If you’re interested in Penticton being a city friendly to people who choose a bike for transportation, Tuesday was a very good day.
After more than a year of public consultation on the All Ages and Abilities Cycling Route, council voted unanimously in favour of staff’s recommendation to approve the specific route, and proceed to further public consultation on the chosen route.
From the south end of the city, the facility will go up South Main, then to Atkinson Street, then to Fairview Road and finally to Martin Street. In addition to the further public consultation, the City will go through a process to determine what the cost of the facility will be.
I’m really happy with the route that resulted. I like that is going to be quite linear. I like that it’s going to hit a lot of key amenities within the city including: Skaha Lake Park, Cherry Lane Shopping Centre, the Safeway complex, the library and continuing centrally through the downtown. I like how it will be quite flat. Because of how central the route will be, many Penticton residents will live within four or five blocks of the route.
There is no doubt the project will cost some money. The positive side of a project like this is that there are many infrastructure grants that are coming online that the City will be able to apply for to get the thing built.
Hopefully this project can get to a point of being shovel-ready before too long, as this is what will be required to apply for grants.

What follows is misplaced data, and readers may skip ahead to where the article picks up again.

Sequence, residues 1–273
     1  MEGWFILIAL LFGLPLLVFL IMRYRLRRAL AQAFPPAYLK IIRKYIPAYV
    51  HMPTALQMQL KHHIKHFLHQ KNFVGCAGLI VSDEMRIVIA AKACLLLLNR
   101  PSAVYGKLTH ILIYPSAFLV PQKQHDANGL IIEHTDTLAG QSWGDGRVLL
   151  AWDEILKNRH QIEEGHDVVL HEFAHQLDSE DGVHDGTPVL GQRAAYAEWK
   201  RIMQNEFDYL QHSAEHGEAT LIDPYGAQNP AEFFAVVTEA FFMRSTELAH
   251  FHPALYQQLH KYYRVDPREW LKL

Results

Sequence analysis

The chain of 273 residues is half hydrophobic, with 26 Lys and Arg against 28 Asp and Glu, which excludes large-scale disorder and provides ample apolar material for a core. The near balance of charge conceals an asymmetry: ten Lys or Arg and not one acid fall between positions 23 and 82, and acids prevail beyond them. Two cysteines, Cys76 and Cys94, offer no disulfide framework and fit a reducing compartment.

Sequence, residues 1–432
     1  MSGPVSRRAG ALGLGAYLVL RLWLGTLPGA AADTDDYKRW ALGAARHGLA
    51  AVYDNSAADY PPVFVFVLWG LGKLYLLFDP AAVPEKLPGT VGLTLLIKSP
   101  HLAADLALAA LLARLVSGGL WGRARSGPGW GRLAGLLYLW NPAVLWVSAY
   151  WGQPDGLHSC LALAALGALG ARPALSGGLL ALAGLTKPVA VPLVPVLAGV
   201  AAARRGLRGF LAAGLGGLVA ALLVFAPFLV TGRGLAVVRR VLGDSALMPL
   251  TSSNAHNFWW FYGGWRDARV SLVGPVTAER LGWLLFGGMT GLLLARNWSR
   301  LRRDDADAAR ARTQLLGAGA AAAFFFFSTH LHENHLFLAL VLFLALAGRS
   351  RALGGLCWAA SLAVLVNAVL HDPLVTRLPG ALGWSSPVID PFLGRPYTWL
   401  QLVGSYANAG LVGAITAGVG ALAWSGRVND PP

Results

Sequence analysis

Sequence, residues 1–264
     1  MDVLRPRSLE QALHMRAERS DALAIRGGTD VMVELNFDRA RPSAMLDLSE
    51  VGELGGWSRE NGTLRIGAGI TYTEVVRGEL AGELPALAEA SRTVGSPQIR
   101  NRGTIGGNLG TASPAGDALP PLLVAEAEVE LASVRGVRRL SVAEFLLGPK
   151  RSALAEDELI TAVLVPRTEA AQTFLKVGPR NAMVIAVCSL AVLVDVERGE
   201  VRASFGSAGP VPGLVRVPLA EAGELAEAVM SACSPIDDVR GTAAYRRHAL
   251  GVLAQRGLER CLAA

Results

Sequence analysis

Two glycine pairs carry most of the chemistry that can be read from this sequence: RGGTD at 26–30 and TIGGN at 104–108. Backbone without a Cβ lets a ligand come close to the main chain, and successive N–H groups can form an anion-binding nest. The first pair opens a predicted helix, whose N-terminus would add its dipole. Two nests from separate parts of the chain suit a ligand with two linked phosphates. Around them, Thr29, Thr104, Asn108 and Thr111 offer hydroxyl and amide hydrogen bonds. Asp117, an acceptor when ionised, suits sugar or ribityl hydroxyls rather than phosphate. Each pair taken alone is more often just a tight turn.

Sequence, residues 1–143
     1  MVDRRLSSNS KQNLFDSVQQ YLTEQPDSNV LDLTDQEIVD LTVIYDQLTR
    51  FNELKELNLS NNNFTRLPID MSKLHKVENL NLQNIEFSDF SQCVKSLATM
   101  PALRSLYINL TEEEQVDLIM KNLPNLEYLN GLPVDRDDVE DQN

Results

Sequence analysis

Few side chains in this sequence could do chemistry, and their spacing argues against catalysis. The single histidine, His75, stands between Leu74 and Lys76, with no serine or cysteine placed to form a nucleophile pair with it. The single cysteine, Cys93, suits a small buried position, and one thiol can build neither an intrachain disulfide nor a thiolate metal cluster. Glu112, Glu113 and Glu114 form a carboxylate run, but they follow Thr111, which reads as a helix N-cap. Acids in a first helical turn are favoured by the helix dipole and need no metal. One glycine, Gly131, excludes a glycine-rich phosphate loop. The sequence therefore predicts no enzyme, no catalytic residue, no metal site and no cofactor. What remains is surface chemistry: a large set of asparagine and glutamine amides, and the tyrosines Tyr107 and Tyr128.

I understand that funding projects like this in the era of COVID can be tough.What I don’t understand is that how anyone could consider it expensive in the context of other transportation projects.
In my view, Penticton, like most other North American cities, has been set up in a way to keep our transportation costs high.
If you truly wanted to keep your transportation budgets low, you’d build great sidewalks, bike lanes, and public transportation options. Lastly, you’d devote a smaller amount to moving people around in two-ton individual metal boxes.
Yet, we do the exact opposite: we have an incomplete, unattractive, and unconnected sidewalk network, no safe cycling facilities (yet!) and bus service isn’t frequent enough to be used without a schedule. Our network for car transportation is basically entirely connected and complete, free car storage abundant.
Over the life span, this facility stands to not only save the city significantly in transportation costs, but also has the upsides of significant public health benefits and the potential to reduce automobile dependence.
As someone who has invested a lot of time into this project, it was nice to hear the council members speak solidly in favour. Katie Robinson was the first to comment. I have to say watching her speak so glowingly about the project gave me the warm and fuzzies.
I truly believe the project will be transformative for this city and the people who live here. I look forward to keeping the momentum going.
Matt Hopkins is a board member of the Penticton & Area Cycling Association and co-founder of the Penticton Bike Valet.